Researchers from Oxford University have developed a computer vision and machine learning-based algorithm that analyzes family photos and helps physicians diagnose rare genetic disorders.
Genetic disorders affect almost 8% of all people, about a third of whom will have symptoms that greatly reduce their quality of life. While there are more than 7,000 known inherited disorders, only a small minority of patients with a suspected developmental disorder receive a diagnosis, according to the research paper published in eLIFE.As a result, researchers from Oxford University developed an automated approach that incorporates recent computer vision advancements into an algorithm designed to “extract phenotypic information from ordinary non-clinical photographs and, using machine learning, models human facial dysmorphisms in a multidimensional 'Clinical Face Phenotype Space.'”
The algorithm is trained for automatic annotation of 36 feature points of interest across the face. The approach utilizes a variety of facial detection algorithms and custom learning to accurately place feature points on a given face and accounts for variations in lighting, image quality, background, pose, facial expression, and identity. It builds a description of the face structure by identifying corners of eyes, nose, mouth, and other features, and compares it against a database of patient photos.
The algorithm then identifies patients sharing the same condition and automatically clusters them together. Across all images in the database the researchers used, manual checking found that the algorithm detected and annotated 99.5% of tested faces correctly with accuracies in the 6-60% range of the width of an eye.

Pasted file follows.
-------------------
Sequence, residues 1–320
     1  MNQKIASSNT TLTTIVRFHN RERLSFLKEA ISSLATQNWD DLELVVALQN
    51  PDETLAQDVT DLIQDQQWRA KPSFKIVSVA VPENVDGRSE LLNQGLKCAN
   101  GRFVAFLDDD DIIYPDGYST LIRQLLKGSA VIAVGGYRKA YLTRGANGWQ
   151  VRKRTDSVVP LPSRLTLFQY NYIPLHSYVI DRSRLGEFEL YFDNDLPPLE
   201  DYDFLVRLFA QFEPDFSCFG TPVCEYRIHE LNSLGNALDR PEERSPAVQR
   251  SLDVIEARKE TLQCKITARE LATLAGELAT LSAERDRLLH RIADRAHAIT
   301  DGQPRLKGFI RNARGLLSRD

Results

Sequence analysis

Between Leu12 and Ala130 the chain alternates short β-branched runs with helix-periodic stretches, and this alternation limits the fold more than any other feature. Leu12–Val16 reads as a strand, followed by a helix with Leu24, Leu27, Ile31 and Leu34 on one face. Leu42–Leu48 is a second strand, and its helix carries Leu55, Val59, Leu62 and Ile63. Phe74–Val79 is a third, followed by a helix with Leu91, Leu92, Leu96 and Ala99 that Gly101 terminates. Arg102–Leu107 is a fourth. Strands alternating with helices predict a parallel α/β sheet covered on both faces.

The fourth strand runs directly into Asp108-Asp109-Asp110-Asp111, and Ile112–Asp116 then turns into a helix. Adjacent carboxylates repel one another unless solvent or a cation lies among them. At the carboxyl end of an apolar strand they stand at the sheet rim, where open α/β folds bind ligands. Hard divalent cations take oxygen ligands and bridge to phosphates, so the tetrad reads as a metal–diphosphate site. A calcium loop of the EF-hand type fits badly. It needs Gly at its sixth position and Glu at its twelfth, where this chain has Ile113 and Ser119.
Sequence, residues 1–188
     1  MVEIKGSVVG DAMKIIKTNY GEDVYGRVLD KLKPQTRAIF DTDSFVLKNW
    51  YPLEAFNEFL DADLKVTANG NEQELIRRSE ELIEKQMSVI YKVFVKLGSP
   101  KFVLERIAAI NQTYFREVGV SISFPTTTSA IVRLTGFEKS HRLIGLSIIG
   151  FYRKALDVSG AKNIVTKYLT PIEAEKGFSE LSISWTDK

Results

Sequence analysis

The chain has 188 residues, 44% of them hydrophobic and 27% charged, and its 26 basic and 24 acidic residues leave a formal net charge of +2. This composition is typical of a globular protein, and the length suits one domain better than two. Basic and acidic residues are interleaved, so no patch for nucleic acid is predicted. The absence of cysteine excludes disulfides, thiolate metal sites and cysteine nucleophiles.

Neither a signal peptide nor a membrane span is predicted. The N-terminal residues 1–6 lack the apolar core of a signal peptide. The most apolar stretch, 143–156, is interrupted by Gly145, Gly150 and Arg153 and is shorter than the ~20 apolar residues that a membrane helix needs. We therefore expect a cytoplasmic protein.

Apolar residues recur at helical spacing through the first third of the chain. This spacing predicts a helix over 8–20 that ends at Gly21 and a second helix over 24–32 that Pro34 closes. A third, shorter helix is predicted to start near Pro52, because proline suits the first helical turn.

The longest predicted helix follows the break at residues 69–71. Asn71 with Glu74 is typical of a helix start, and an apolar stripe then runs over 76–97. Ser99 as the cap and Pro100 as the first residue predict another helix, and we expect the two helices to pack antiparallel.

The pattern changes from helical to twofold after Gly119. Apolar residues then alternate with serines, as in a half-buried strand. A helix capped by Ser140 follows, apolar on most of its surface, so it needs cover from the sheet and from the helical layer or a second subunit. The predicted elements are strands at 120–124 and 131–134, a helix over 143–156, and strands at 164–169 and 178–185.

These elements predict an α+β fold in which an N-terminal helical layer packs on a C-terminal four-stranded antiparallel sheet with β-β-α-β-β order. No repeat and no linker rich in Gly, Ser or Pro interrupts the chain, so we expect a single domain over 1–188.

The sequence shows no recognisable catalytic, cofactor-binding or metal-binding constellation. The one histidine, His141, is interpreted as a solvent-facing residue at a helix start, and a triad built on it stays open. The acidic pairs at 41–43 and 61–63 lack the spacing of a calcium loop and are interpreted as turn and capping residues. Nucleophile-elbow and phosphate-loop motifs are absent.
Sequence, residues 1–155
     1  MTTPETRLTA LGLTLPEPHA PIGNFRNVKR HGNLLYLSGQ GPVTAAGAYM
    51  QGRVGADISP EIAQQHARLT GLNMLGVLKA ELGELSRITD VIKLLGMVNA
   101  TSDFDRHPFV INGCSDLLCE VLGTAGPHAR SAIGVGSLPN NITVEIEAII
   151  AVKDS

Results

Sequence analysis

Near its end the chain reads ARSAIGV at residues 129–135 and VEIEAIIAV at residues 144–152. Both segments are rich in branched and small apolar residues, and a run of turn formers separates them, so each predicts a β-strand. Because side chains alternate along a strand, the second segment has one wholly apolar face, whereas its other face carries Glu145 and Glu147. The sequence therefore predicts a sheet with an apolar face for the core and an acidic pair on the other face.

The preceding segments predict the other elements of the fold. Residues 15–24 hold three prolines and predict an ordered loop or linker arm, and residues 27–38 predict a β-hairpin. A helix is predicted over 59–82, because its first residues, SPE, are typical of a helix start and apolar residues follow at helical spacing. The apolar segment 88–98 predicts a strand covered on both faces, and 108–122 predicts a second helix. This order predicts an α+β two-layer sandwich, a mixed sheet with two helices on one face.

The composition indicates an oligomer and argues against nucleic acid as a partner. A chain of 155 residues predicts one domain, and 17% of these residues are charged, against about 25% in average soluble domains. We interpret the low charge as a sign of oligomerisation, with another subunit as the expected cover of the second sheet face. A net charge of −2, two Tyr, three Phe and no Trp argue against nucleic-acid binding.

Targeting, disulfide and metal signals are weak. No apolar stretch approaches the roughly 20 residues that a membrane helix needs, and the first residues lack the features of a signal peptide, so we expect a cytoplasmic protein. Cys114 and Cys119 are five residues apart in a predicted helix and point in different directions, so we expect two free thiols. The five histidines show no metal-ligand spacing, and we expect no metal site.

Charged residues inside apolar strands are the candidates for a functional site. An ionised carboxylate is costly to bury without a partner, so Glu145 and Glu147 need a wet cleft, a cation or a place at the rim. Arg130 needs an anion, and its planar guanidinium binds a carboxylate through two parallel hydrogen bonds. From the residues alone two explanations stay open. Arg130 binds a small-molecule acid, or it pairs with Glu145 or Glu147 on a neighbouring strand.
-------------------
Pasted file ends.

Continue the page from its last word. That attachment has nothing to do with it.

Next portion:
As the computer algorithm acquires more data via photos of patients with a particular syndrome, it does a better job at suggested a potential diagnosis for a photo. In addition, patients will also cluster together in situations where no documented diagnoses exist, potentially helping in identifying rare genetic disorders.
"A doctor should in [the]future, anywhere in the world, be able to take a smartphone picture of a patient and run the computer analysis to quickly find out which genetic disorder the person might have," said Dr Christoffer Nellåker of the MRC Functional Genomics Unit at the University of Oxford in the press release.
He added, "This objective approach could help narrow the possible diagnoses, make comparisons easier and allow doctors to come to a conclusion with more certainty."
View the press release.
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